IBM Blue Gene Supercomputer Looks to Break the Petaflop Mark in Europe

 
 
By Scott Ferguson  |  Posted 2009-02-10
 
 
 

IBM is looking to build the first supercomputer in Europe later in 2009 that passes the petaflop barrier, which will make the machine the first high-performance computer on the continent to offer a performance of more than 1 quadrillion calculations per second.

On Feb. 10, IBM and the German research center Forschungszentrum Juelich announced that they would build a new Blue Gene/P System supercomputer capable of delivering petaflops of performance.

Right now, the only two supercomputers capable of delivering petaflops of performance are located in the United States. In 2008, IBM finished its Roadrunner system for the U.S. Department of Energy's Los Alamos National Laboratory, in New Mexico. This machine was the first to officially break the petaflop barrier and it currently offers a peak performance of 1.105 petaflops, according to the Top 500 Supercomputer list.

The other supercomputer offering petaflops of performance is the Cray XT Jaguar supercomputer at the DOE's Oak Ridge National Laboratory in Tennessee.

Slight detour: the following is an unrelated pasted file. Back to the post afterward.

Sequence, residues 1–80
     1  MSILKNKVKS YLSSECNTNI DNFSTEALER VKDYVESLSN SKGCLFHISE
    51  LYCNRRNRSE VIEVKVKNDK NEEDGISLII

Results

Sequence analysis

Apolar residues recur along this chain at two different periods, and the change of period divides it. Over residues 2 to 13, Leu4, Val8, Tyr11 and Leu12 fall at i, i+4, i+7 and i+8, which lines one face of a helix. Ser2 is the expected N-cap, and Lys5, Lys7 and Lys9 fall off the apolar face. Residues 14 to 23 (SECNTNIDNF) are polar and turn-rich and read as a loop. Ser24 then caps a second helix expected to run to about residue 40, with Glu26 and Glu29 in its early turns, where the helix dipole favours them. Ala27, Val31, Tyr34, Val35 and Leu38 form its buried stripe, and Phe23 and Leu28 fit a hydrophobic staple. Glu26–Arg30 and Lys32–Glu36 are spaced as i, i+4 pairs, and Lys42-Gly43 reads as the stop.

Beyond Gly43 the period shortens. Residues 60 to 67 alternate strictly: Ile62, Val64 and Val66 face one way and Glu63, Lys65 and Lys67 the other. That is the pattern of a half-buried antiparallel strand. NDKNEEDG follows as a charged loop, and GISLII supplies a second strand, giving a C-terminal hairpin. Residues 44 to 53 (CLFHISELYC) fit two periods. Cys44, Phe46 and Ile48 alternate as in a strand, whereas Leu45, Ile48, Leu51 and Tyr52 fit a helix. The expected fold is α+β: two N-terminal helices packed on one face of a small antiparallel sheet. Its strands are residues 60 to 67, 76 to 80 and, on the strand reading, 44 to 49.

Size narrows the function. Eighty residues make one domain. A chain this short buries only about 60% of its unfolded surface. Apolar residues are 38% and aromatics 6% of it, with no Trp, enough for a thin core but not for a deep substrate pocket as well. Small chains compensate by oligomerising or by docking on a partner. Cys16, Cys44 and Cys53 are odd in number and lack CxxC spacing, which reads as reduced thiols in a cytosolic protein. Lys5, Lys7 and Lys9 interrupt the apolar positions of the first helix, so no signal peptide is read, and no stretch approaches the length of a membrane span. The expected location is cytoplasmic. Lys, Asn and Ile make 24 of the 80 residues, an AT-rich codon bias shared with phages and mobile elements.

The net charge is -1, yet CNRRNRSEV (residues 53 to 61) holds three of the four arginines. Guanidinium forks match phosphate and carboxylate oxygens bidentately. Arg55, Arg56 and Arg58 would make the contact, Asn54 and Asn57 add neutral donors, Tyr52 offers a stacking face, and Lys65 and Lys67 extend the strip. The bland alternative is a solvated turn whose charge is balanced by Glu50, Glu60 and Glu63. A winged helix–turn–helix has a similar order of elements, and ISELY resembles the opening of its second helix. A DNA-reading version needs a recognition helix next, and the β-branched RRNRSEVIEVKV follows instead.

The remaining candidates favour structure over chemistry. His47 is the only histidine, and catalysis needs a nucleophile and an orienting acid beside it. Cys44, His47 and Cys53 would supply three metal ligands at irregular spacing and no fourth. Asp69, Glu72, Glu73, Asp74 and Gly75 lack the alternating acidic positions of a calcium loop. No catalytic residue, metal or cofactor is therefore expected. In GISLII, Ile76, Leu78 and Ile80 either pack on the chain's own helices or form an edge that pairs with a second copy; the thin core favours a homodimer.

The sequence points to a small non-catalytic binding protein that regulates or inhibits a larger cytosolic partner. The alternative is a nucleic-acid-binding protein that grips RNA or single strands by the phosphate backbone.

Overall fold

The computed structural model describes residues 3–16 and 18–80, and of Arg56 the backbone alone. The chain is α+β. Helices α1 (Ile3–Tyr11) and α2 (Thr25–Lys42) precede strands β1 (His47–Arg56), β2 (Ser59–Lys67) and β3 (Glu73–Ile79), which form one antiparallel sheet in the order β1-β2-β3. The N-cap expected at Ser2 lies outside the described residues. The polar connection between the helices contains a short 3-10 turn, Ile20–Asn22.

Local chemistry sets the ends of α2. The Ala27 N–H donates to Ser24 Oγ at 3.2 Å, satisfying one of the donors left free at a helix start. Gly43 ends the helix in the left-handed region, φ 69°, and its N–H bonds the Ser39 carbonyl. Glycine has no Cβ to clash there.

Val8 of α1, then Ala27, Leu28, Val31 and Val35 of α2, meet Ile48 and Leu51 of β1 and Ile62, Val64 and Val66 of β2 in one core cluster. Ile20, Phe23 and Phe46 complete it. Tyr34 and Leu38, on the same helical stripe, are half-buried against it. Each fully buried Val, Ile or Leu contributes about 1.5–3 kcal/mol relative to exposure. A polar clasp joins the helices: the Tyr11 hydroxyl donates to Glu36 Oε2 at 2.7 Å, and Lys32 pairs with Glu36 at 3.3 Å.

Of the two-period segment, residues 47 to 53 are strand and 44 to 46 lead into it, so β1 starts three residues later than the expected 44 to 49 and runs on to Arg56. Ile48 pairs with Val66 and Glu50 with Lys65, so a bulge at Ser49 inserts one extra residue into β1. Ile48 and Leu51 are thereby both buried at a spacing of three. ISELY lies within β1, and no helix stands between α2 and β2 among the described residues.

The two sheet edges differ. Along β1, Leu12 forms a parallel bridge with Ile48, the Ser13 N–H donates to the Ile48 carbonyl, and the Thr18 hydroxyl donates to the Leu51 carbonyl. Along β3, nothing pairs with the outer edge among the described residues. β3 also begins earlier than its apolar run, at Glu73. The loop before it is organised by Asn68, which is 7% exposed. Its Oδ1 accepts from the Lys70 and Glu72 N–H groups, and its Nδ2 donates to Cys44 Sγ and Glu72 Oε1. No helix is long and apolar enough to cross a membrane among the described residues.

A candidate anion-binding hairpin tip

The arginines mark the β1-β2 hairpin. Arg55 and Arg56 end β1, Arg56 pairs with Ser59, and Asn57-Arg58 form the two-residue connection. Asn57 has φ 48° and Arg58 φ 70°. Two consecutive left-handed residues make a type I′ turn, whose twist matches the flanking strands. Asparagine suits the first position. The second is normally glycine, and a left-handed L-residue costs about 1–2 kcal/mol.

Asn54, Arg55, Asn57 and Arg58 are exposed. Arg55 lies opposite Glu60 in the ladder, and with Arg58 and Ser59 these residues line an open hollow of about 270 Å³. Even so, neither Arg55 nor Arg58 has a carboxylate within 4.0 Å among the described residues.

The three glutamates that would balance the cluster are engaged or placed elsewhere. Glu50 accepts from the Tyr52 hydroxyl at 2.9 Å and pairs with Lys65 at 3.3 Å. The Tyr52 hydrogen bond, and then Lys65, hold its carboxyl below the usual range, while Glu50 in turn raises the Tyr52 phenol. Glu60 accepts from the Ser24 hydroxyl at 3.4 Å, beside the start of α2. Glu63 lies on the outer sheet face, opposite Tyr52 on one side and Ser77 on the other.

Earlier in February, IBM announced that it plans to build a supercomputer called "Sequoia" that is capable of delivering up to 20 petaflops of compute performance. This system, which is also being built for the DOE, is slated to go online in 2012.

While IBM's Roadrunner supercomputer is a hybrid system that uses a combination of IBM's own Cell processors and Advanced Micro Devices' Opteron chips, the Blue Gene family of high-performance computers uses processors based on IBM's Power Architecture.

Altogether, this IBM supercomputer will contain 294,912 processors within 72 server racks. The Blue Gene/P System will also use 144TB of memory and have 6PB of hard disk drive data storage.

The Blue Gene/P System that IBM is preparing in Germany will also use water to cool the supercomputer-a first for an IBM supercomputer. When air passes through the server racks, the heat is removed as it passes through the water-cooling system before the air reaches the next set of racks.

The German Gauss Centre for Supercomputing is also helping with the installation of this supercomputer, which is being funded by the German Ministry of Research and the Ministry of Research of Northrhine-Westfalia.

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